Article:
OK, so you know I was parallel sewing two things at once: one that I had got to hand-sewing stage for garden sewing (the 1940s Minnado Dress) & the other, Simplicity 2154, for when I was able to hop on my machines. Today is the day of the Simplicity 2154.
This is a reproduction 1960s pattern which has a blouse (sleeveless with bow) – to be looked at this post, as well as a pencil skirt, cardigan for knit fabric and a cute jacket also.
I would like to try the cardigan when I have some suitable fabric, but it was always the blouse that caught my eye.
When I went to Birmingham Rag Market last time I bought some poly chiffon with turquoise polka dots on it & in my mind I was going to experiment using different seams for this blouse on account of the chiffon. In my serger book it had said that rolled hems can be used as seams for fine fabrics & I was thinking I could try that out. Or French seams. Unfortunately the way this is constructed does not allow for French seams & rolled hems would also be problematic.
Both back & front have central seams with deliberate breaks/ gaps in them. The front has a “window” in the centre front seam to attach the bow. The centre back has a top button closure. Neither of these would work with the seam finishes I was contemplating. I ended up using a normal open seam & serging it. The fabric is transparent to a point & you can see the seams through from the front, but it’s not too bad.
So, what else about this pattern? The fit is pretty perfect on me I think – shaping & dart placement did not need adjustment. It has a side zip & I did my usual lapped zip. Now I call it usual because it is the only kind of zip insertion that I knew how to do for years & years & years. When I came to do a central zip I was nervous let me tell you! This was how my Mum taught me, & I had no idea that it was a biggee for some people. Now, there is something that I have been taught that I have not yet seen in a few of the online tutorials, so in a later post I am going to share “Lapped zips like-a my mamma used to make” .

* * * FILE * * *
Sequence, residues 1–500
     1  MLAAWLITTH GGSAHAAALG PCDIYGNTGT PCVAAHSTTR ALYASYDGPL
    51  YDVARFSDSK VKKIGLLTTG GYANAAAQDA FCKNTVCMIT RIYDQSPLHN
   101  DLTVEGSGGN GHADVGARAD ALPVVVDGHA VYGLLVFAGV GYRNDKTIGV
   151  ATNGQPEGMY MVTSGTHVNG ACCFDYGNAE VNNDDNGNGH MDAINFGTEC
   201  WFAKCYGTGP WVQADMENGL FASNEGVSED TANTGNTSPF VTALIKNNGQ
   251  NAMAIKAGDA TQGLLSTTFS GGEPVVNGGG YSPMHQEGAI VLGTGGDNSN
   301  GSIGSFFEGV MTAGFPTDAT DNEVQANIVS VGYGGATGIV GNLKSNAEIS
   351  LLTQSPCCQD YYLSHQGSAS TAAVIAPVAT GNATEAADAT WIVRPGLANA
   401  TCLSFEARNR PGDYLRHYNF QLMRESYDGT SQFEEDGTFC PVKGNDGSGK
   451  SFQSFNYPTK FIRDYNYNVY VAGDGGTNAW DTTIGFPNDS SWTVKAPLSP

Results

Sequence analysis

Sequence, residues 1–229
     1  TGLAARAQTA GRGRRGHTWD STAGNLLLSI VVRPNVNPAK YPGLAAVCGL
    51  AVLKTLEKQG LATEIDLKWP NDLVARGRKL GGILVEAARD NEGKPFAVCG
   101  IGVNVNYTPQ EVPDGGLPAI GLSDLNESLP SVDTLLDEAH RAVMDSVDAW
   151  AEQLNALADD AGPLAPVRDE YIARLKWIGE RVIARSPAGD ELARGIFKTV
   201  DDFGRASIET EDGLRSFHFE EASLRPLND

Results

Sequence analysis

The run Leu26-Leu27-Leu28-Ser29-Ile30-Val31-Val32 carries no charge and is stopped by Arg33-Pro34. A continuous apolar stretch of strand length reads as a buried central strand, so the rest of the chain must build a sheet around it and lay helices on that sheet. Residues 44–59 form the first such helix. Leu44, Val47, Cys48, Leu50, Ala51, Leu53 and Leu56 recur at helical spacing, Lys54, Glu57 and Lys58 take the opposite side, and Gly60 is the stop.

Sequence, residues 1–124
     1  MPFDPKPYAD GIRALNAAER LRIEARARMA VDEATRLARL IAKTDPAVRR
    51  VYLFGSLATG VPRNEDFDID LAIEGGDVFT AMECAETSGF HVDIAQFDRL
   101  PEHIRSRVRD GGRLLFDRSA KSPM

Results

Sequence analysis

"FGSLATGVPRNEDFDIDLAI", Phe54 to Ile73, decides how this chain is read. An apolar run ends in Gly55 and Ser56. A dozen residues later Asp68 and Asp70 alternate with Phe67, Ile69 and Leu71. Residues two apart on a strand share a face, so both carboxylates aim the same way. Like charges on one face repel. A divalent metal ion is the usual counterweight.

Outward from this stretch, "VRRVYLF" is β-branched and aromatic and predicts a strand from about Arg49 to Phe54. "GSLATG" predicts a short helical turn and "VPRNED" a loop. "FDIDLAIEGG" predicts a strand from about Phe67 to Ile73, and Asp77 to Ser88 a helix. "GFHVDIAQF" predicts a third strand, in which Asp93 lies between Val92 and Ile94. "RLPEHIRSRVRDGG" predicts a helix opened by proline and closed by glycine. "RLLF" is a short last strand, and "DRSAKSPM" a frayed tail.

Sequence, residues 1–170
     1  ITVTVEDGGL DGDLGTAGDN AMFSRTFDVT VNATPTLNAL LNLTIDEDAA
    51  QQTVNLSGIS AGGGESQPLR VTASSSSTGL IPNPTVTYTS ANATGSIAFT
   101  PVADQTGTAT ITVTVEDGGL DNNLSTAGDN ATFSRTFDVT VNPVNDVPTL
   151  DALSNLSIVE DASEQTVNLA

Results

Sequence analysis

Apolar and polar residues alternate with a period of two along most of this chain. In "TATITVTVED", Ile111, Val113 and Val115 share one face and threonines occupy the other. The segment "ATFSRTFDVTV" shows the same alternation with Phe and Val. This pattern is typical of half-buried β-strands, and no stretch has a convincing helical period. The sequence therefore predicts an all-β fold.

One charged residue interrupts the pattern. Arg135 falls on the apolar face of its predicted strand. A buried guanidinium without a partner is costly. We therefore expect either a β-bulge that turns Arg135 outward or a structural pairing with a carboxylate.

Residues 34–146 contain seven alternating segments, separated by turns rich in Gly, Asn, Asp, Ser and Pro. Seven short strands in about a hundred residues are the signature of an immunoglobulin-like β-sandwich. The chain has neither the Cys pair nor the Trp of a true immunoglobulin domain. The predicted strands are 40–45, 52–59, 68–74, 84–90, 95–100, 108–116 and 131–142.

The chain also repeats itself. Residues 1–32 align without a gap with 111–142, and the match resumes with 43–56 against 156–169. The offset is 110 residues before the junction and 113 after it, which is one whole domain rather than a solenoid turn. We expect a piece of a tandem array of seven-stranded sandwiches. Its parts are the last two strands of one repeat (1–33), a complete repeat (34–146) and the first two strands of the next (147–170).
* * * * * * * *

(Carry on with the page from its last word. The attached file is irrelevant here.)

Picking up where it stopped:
What else do you want to know about the pattern? The collar is easy to prepare & all the facings are self bias. Interestingly in the instructions, it explicitly stated that you could serge or straight stitch the bias facings onto the edges. If serged, it meant that you did not have to clip the curves. Neat eh? That’s what I did.
Now I suppose the biggest misunderstanding that I guess a lot of people will have with this pattern is that the bow is fixed … it is not a self-tie bow. You stitch it on & it stays there like that. I’ll have to see how it survives the wash, but being polyester based I think it will be OK. One thing, it doesn’t seem to flop like the pattern illustration suggests it will.
This is officially a cute pattern. I am looking forward to wearing this particular version with my red cigarette pants, my red linen Ginger skirt, my teal skirt, & so many other things. In fact I have scheduled this post to publish whilst I am in Manchester for a sunny weekend & I will be wearing it – yay! We are going to see Morrissey, my hero, in his home town (or city rather). What an adventure :-) It’s our summer holiday
Will I make it to Abakhan? Not sure……no, really, I am not sure!!